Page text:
ESPN Investigates Michael Sam's Shocking Locker Room Habits


And guess what: they're exactly the same as every single one of his openly straight teammates.

Michael Sam, a seventh-round draft pick from Missouri, has sweated countless hours this summer as he fights to make the cut for the St. Louis Rams, which has been gradually winnowing down its rookie-filled roster to a final 53 players for the regular season. But the athletic performance of the first openly gay player to be drafted by a professional football team wasn't what interested ESPN in its latest segment on the player. No, the network seemed much more concerned about perpetuating unfortunate stereotypes about gay athletes.

Indeed, instead of focusing on Sam's staying power, ESPN reporter Josina Anderson spent almost the entire two minutes discussing a detail that would be completely irrelevant for Sam's heterosexual counterparts: How he prefers to use the locker room showers. 

Fortunately — and perhaps not surprisingly — Sam's teammates appeared rather nonplussed by the rather unconventional line of questioning. Sam's heterosexual, married teammate defensive end Chris Long may have summed up the sentiment perfectly with this viral tweet sent soon after word of the network's benign homophobia began to spread: 

Translation? The team could care less about when Michael Sam uses the locker room.

But Long wasn't the only one shaking his head. Anderson told her SportsCenter host she had spoken with an unnamed Rams defensive player who noticed Sam hadn't been taking a lot of showers, but shrugged the whole thing off as mostly speculation. "From his perspective, Michael Sam is waiting to take a shower as not to make his teammates feel uncomfortable," Anderson said. She added that linebacker Alec Ogletree and defensive tackle Kendall Langford said Sam's locker-room etiquette wasn't even an issue on their radar.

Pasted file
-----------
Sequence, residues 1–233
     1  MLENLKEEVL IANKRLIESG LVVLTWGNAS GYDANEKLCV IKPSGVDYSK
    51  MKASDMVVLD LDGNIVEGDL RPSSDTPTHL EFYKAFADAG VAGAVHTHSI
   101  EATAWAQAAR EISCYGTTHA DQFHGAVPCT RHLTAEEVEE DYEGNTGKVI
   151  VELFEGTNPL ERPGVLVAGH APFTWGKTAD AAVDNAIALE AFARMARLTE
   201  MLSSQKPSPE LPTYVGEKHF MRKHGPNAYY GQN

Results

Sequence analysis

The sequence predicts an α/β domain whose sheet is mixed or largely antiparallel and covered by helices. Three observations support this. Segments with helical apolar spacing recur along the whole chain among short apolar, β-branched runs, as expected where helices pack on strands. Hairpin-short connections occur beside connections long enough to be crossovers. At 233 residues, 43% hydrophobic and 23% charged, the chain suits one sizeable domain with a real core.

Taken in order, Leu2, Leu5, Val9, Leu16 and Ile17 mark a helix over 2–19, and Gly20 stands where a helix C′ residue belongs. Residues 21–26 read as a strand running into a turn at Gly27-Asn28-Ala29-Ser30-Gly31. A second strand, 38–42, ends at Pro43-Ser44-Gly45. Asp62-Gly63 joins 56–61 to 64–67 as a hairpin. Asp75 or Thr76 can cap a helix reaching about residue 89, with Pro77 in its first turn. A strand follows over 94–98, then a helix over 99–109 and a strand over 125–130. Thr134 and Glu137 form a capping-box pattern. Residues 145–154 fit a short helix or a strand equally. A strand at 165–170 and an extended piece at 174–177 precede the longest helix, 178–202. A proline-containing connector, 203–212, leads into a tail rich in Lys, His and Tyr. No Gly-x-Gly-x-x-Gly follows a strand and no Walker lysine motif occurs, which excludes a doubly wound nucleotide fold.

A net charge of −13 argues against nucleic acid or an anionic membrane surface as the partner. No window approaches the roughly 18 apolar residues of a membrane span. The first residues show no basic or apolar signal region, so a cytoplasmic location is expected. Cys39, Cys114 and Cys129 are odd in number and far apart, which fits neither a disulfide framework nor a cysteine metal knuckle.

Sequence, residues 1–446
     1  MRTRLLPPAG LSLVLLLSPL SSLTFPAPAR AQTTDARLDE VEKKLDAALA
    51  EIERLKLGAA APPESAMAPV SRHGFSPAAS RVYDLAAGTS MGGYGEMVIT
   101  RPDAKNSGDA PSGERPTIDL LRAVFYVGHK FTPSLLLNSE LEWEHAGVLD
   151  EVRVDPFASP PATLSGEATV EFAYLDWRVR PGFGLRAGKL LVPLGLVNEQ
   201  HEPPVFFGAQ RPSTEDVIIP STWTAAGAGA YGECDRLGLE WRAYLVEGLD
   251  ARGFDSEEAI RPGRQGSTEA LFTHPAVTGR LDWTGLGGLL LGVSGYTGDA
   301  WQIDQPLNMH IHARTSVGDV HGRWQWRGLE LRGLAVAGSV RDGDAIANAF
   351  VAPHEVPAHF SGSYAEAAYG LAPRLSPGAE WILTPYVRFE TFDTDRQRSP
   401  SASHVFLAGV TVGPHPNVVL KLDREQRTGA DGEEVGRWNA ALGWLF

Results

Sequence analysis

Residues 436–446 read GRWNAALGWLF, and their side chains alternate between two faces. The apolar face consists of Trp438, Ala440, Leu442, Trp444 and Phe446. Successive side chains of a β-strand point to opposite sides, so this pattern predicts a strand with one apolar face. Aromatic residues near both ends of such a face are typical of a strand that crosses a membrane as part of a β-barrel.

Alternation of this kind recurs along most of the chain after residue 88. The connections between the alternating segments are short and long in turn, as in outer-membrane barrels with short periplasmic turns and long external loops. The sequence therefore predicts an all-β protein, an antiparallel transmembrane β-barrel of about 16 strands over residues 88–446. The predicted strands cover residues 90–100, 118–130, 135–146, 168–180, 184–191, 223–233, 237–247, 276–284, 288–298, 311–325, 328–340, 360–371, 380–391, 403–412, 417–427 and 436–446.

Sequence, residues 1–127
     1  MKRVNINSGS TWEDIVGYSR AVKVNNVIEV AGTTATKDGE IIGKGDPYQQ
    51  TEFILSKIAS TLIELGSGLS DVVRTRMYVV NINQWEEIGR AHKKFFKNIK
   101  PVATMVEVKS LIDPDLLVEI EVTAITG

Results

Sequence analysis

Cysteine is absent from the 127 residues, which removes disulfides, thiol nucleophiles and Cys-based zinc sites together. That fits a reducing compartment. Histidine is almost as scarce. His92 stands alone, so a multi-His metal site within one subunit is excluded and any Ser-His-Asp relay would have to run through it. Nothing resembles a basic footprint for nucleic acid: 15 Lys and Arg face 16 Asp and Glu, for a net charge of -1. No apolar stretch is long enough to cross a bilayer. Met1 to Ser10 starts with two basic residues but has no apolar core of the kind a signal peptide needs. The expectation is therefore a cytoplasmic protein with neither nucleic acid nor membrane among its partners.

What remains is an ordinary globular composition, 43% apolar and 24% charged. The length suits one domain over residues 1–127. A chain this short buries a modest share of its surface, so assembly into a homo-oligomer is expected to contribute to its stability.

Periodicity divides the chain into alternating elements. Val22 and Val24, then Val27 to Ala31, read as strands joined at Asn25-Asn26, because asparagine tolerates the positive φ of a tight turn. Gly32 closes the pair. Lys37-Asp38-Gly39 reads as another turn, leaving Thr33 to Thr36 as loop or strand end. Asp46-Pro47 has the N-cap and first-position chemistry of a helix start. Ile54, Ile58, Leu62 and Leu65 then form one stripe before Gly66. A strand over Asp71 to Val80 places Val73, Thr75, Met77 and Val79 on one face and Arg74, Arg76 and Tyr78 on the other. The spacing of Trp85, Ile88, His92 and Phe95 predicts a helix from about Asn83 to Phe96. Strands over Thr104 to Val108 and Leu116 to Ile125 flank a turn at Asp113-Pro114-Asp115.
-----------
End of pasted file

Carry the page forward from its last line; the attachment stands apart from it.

Anderson's report may have been in earnest, but there's no question that it also plays into the media's unnecessary sensationalization of Sam's sexuality. The report also perpetuates the tired homophobic trope that depicts gay men as threatening, predatory and hypersexualized figures who can't be trusted in locker rooms lest they make heterosexual men unwilling targets for their advances.

If Long's quip is any indication, most of the players, just like Langford and Ogletree, aren't too concerned about whether or not Sam will fit in, or if his presence in the locker room will pose any real or perceived danger to other players. So why is ESPN so apparently obsessed with sensationalizing Sam's story for viewers, some of whom may otherwise be ignorant about gay people? At best, this makes for pretty boring television. But at worst, it runs the risk of fueling an invasive curiosity about the personal and professional lives of LGBT athletes, to the point of making gays into caricatures.

Thankfully, that's what Sam's teammates weren't willing to do for Anderson, with Langford adding that Sam is "one of the guys" and is simply taking a rookie approach in terms of listening and learning at his own pace.

Next time, ESPN may want to play up the sports instead, leaving invasive and homophobic questions on the bench where they belong.

h/t Huffington Post